Brumfield is a favorite of the staff’s, having played at U-High with several sons of current LSU coaches. But he’s displayed a toughness that informs why he was so coveted as a prep player. Malone is competing primarily with redshirt freshman William Clapp, and there’s cause to believe both will play this fall. Currently, however, Malone is the preferred option, owning one more year of experience. Even though there are older players in the fold – Jonah Austin, Jevonte Domond – the younger guys are sticking out, speaking to the promise of LSU’s line for the next few seasons.
4. Receiver D.J. Chark might be heard from in 2015.
Speed is a commodity LSU has always enjoyed getting to the field in mass quantities. Chark, a 6-foot-2, 184-pound sophomore, has that in spades. This spring the Alexandria native has parlayed his fleet-of-foot ways into a few head-turning performances in scrimmages. Les Miles made it a point to single out Chark after one scrimmage for a multiple-touchdown effort. He’s reportedly made an impact both catching the football and taking jet-sweeps, probably the understudy to Dural, who terrorized Texas A&M with that play in November.
Chark also has the ability to feature as a returner on special teams, an area where he made several highlight reels as a prepster. As for his spot on the receiver depth chart, that’s a line getting long in a hurry. Dural and Malachi Dupre are the returning headliners with John Diarse and Trey Quinn also back as producers from 2014. Set to hit campus this summer are freshmen Derrick Dillon, a player in the mold of Chark, and Tyron Johnson. So it won’t be easy for Chark to dent the top four, but if he can build on this spring, he’ll have a chance. Speed always gives you a chance to play.
5. Position moves could impact depth, playing rotation.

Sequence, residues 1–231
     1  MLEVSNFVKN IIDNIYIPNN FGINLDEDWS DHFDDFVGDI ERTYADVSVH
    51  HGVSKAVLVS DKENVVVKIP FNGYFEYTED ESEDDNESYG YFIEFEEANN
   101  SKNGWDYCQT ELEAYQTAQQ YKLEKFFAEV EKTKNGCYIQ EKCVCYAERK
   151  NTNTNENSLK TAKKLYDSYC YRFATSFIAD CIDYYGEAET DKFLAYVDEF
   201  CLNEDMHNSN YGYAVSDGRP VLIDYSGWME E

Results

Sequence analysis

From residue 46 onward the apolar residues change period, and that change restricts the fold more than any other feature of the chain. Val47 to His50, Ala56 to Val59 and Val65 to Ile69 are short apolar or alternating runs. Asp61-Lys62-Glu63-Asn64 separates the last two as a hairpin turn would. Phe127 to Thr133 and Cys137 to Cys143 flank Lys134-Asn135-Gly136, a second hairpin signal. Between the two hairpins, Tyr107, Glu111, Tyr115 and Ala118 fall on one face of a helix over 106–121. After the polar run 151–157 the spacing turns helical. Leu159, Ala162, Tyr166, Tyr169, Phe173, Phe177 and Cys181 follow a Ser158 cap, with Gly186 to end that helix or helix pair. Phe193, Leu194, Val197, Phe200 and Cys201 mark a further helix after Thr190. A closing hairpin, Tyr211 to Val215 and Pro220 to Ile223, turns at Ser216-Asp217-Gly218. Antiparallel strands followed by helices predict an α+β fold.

Every spring coaches move players around, testing their skill sets at different positions to find the best fits for the team’s needs. This spring has been no exception for LSU, which has shuffled several players around to places where, in most cases, the guys are expected to stick. Redshirt freshman Tony Upchurch is making the transition from receiver to fullback. That’s not one you hear often, but it makes a lot more sense when you consider H-back/tight end was always where the staff envisioned him out of high school. He’s competing with for a vacant starting job with early enrollee David Ducre.
On the defensive side two players have moved to the second level, linebacker, to bolster a core that may be undergoing a transformation over the coming six-to-12 months (to more of a 3-4 front). Devin Voorhies has moved down from safety while M.J. Patterson has moved back from defensive end. Both are getting a look at outside linebacker, a position that will graduate Lamar Louis and Deion Jones after this fall. Finally, Maquedius Bain is working at defensive end this spring, not tackle where he was recruited and has toiled on the bench these past two seasons. Given all the newness at the position, Bain would be a welcome addition to the two-deep, if he can get there.
Five Takeaways from Spring Ball